Uruguay Repudiates Chilean President's Visit to the Country

Uruguay Repudiates Chilean President's Visit to the Country
Fecha de publicación: 
2 March 2020
Imagen principal: 

Piñera was greeted by hundreds of protesters with signs in their hands as they shouted "murderer." 

The Uruguayan people repudiated this Sunday with songs and banners the arrival of Chilean President Sebastian Piñera to the SouthAmerican country, which he attended as a guest at the inauguration of the new Uruguayan President, Luis Lacalle Pou.

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During his first trip out of the country, after the social outburst of October 18th, 2019, the Chilean president was greeted on Uruguay's main avenues by hundreds of protesters with signs in their hands and shouts of "Piñera, murderer." 

According to local media reports, one of the posters displayed on Libertador Avenue, one of the main avenues in the city of Montevideo, the capital of Uruguay, read "Piñera, repressor, the Uruguayan people repudiate you."

Piñeira, who attended Lacalle's inauguration, along with other leaders such as Jair Bolsonaro and Iván Duque, was the main target of the protests, although they were called to repudiate the presence of the other right-wing leaders who attended the ceremony.

Another of the posters of the demonstration read: "Repressive of Latin America, the Uruguayan people repudiate them." It alluded to the presence of Brazilian ultra-right-winger Jair Bolsonaro, who recently urged the people to participate in a demonstration against the Congress and the Supreme Court.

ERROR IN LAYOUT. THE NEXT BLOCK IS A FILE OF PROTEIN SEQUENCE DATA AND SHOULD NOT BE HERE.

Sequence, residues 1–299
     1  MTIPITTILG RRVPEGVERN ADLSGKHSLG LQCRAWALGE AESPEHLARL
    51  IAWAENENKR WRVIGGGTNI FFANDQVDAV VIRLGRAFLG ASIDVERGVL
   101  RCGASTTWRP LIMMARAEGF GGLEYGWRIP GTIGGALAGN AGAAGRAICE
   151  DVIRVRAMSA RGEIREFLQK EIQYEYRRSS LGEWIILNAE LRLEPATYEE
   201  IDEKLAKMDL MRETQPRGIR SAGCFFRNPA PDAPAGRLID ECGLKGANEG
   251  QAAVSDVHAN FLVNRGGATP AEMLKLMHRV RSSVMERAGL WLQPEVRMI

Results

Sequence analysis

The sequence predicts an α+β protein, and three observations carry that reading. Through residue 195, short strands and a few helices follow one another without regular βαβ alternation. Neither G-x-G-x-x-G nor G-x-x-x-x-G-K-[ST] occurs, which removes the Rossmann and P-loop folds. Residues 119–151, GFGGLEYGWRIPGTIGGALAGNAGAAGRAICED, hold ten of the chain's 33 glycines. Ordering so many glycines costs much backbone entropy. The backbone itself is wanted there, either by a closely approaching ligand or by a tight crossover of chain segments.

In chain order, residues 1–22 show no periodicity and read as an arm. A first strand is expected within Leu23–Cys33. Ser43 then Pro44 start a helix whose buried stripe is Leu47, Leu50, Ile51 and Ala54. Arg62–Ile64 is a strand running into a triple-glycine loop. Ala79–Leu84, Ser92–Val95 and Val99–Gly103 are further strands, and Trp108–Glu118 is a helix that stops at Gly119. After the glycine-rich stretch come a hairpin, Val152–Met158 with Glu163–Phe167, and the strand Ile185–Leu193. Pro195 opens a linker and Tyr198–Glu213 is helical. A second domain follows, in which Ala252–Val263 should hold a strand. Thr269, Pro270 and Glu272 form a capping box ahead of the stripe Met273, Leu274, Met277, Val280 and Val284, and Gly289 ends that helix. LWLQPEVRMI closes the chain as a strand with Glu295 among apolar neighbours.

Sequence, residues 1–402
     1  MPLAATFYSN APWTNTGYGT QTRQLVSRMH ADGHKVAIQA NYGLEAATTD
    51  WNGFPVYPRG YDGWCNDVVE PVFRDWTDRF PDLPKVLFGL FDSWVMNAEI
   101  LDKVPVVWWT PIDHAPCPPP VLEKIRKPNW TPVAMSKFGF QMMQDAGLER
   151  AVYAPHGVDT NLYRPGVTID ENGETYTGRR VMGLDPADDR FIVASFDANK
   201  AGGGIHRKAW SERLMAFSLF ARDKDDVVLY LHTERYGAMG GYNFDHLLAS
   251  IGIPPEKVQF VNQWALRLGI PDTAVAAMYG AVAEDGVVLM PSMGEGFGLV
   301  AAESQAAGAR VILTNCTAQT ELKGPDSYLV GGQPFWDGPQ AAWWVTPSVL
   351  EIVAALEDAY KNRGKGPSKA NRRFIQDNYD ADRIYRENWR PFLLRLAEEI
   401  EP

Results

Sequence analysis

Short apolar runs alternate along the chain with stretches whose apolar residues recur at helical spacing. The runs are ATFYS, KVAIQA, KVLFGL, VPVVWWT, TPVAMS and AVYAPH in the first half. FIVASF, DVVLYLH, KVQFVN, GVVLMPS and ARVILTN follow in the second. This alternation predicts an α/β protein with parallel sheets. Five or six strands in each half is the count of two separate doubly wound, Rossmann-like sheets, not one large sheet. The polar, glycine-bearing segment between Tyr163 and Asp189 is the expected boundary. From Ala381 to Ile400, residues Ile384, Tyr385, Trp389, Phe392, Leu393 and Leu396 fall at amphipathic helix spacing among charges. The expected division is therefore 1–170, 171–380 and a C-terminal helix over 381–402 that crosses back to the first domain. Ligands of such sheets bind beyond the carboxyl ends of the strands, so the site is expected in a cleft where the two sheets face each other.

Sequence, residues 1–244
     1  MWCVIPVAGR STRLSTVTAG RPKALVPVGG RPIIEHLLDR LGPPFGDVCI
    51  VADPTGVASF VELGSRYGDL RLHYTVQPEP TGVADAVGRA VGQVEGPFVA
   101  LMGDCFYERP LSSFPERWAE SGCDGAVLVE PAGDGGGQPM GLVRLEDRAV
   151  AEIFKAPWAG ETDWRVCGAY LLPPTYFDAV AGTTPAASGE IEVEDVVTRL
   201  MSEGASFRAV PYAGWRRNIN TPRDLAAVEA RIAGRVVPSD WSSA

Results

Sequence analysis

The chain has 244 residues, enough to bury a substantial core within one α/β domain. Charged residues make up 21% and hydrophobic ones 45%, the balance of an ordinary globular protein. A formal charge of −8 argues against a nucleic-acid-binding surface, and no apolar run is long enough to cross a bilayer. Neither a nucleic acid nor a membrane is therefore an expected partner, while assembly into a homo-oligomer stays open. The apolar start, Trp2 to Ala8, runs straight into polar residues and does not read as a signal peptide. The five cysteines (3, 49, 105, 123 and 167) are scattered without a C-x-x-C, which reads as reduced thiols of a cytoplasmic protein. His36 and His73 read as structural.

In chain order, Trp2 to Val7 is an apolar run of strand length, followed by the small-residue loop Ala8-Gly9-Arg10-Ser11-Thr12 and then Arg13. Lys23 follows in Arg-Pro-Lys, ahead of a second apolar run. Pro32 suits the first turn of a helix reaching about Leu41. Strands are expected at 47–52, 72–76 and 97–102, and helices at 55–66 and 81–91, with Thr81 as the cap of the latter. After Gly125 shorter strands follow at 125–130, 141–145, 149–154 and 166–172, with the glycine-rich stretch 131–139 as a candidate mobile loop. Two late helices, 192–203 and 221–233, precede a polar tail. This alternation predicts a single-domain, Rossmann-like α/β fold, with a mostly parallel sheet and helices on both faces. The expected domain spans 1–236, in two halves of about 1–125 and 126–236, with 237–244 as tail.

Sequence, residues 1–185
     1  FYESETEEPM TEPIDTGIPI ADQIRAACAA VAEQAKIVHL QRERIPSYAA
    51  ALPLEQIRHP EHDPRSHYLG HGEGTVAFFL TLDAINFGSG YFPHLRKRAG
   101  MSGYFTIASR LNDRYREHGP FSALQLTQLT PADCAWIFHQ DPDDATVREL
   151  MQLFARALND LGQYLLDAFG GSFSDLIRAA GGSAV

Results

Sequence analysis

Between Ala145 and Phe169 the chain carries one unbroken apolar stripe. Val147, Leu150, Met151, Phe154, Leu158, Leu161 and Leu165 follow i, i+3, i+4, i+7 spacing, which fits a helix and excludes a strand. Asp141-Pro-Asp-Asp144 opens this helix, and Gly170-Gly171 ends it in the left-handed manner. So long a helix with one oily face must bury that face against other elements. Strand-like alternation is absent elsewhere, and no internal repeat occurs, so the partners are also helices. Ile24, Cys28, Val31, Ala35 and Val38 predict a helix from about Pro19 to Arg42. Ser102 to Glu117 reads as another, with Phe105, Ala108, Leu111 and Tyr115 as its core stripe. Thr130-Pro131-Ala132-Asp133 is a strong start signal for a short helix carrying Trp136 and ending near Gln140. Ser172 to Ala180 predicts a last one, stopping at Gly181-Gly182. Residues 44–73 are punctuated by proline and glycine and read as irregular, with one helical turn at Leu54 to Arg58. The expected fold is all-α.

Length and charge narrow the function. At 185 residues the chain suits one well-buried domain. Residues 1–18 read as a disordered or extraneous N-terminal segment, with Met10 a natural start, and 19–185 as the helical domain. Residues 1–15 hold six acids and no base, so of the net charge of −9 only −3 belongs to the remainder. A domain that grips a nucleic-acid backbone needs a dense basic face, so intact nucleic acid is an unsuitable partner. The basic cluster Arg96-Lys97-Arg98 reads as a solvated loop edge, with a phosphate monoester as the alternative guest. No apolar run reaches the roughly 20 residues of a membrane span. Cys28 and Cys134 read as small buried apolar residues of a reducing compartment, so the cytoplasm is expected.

The poster also referred to the presence of Colombian President Ivan Duque, whose government is as repudiated by his people as Piñera's. Colombia has not ceased to denounce the genocidal policy of its president, and the wave of violence and insecurity it affects has led to a series of protests and demonstrations throughout the country over the last three months.

Lacalle, by inviting these ultra-right-wing presidents, and not the representatives of Venezuela, Cuba, and Nicaragua, gives indications of what Uruguay's foreign policy will be like, according to local media.

Added to this is the idea that "in Mercosur, we must leave aside 'ideological issues'" as he stated during his inauguration this Sunday, they mark a clear change in the country's position in the region, denounced El Desconcierto news media.

Lacalle narrowly won the last November elections, surpassing Daniel Martinez of the leftist Frente Amplio coalition.​​​​​​​

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